Wellsprings of Wisdom

Struggling with a longer post, I’ll try to wrong-foot my writer’s block with a series of acrostic poems in response to the WordPress Daily Prompt.

Today’s word is Elicit.


E very good teacher knows that
L earning
I sn’t something brand new you
C an just pour
I nto people but something rather older you have
T o draw out.


Image result for teaching









Image: brownsharpie.courtneygibbons.org

15 thoughts on “Wellsprings of Wisdom

  1. Nicely put, Dave.
    Education + Learning Instill: Comprehension; Insight; Thoughtfulness.
    The ability to think for yourself – to sift truth from lies – to recognise the difference between a plea to your emotions and a call to your intellect. Too much to ask?

    If your next post is going to be about Plato I for one am looking forward to it (no pressure, Dave πŸ˜ƒ). I am so ignorant about him that I was surprised at your recent comments – but am happy to bow to the thoughts of one who has a considered opinion. (In the meantime I will hie me to Wikipedia to bone up on him and his cave a bit – then you can put me right!πŸ˜ƒ).

    1. Thank you, Mike, and thanks for your reply! Your comment hits the proverbial nail on the head – “to recognise the difference between a plea to your emotions and a call to your intellect” – perfect, the very least we should expect of a system that has the brass neck to call itself educational.

      As to Plato, you’ve probably gathered I’m not a big fan – mainly because all my instincts rebel against anyone who says we can’t see clearly. And as to putting anyone right, I’m with Nietzsche who believed there was no ultimate truth but only a series of more or less intelligent stabs in the dark. My rather murky response will follow, maybe after a few more acrostics …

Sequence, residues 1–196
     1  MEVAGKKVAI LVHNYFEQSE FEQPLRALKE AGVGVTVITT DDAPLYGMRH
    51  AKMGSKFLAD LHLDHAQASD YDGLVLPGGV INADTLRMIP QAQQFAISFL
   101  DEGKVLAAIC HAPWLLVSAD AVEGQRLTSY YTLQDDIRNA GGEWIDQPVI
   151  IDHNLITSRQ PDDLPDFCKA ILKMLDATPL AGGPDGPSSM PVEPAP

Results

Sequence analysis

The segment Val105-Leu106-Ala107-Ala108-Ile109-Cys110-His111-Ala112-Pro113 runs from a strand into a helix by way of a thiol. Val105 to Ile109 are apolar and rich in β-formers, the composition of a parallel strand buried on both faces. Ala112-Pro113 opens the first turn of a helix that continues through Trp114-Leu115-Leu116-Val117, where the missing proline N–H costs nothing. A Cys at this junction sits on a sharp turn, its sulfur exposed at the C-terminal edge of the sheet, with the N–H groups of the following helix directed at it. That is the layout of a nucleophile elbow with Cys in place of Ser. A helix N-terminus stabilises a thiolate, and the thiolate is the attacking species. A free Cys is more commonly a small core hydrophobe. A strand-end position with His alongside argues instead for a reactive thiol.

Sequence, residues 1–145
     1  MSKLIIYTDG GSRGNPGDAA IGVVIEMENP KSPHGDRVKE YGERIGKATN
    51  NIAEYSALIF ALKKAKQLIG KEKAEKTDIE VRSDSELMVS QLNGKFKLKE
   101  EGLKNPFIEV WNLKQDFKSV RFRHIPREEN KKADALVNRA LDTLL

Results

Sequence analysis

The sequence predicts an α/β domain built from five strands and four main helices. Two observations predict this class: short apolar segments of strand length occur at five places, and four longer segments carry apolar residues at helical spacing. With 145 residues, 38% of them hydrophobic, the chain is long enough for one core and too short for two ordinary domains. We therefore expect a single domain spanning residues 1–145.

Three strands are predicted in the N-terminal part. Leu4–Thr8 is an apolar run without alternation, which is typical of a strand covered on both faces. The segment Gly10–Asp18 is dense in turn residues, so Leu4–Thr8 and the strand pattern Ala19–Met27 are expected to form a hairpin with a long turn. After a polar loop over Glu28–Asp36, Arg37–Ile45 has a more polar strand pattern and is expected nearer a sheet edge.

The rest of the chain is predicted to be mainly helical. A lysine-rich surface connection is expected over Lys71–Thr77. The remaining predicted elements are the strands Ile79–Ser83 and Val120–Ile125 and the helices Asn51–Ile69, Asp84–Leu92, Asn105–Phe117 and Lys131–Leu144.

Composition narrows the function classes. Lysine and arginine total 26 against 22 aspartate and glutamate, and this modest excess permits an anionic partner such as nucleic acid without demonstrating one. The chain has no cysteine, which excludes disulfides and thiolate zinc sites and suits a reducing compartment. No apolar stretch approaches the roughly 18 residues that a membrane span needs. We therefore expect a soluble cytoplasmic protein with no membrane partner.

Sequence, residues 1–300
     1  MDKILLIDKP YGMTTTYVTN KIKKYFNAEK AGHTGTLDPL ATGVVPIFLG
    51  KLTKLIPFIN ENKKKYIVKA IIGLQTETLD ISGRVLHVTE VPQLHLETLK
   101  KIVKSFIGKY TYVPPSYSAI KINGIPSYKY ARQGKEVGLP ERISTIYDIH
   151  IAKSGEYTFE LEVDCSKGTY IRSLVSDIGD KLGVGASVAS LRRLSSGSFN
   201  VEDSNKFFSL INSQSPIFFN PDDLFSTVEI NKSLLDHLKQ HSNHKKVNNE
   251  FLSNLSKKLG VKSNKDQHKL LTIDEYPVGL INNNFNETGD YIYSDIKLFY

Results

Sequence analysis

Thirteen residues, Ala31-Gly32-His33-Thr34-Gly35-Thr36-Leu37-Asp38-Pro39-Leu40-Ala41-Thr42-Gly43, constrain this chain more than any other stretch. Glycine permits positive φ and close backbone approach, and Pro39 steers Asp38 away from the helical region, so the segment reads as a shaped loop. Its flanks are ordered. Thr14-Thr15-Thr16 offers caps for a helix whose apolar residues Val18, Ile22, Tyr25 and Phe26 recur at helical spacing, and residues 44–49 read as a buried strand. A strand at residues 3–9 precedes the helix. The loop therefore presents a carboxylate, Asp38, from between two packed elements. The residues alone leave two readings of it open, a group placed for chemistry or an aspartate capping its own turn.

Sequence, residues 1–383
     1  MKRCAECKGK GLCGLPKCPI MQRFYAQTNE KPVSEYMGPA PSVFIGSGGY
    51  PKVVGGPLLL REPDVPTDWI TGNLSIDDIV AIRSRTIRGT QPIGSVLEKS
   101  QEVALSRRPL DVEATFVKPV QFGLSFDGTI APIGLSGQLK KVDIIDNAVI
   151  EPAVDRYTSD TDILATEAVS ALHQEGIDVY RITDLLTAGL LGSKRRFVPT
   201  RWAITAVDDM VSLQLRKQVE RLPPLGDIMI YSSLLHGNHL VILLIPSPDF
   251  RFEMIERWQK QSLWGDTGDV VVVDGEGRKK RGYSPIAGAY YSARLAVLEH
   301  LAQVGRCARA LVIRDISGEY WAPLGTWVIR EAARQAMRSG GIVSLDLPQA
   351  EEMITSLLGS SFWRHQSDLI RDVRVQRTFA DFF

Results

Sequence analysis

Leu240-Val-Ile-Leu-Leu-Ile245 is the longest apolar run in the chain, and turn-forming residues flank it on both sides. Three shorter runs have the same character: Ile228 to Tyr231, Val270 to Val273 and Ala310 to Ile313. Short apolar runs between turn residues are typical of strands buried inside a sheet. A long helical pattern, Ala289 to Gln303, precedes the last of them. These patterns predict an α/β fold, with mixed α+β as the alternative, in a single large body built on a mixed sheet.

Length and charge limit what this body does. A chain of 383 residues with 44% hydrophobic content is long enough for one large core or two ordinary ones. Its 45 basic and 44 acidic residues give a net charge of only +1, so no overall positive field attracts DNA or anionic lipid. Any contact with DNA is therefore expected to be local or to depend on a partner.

1. Having read your superb book on teaching, Opher, I regard your reply as praise indeed! I sometimes think that time is running out for us old codgers – hope that’s not too blunt! – and that it doesn’t behove us to go gentle into that good night …

    1. Love it, Steve! I think the art of doing acrostics is to say something meaningful in as few words as possible, which yours does in spades. (Not so sure about the afterthought, though, suspect it might be cheating!)

  2. Yeah I really like the idea of drawing something older out. Have you read Antifragile? I just read it so it’s at the front of my mind, but it reminded me of it when you said you were against Plato and for Neitzche’s trial and error approach.

  3. Cheers, Gordon, never read it so looked it up on Wikipedia and saw this interesting quote:

    “Some things benefit from shocks; they thrive and grow when exposed to volatility, randomness, disorder, and stressors and love adventure, risk, and uncertainty. Yet, in spite of the ubiquity of the phenomenon, there is no word for the exact opposite of fragile. Let us call it antifragile. Antifragility is beyond resilience or robustness. The resilient resists shocks and stays the same; the antifragile gets better.”

    Sounds great, will check it out!

    1. The cartoon actually shows the opposite of the teaching approach I favour – talking AT the students rather than WITH them, which I prefer. A mixture of styles is probably best, though, to combine good input with active learning …

      1. My Dear Dave, I too believe, and practise, the method of talking With the Students, (do it even now!). And of course, talking to the students, for Input. …Regards. πŸ™‚

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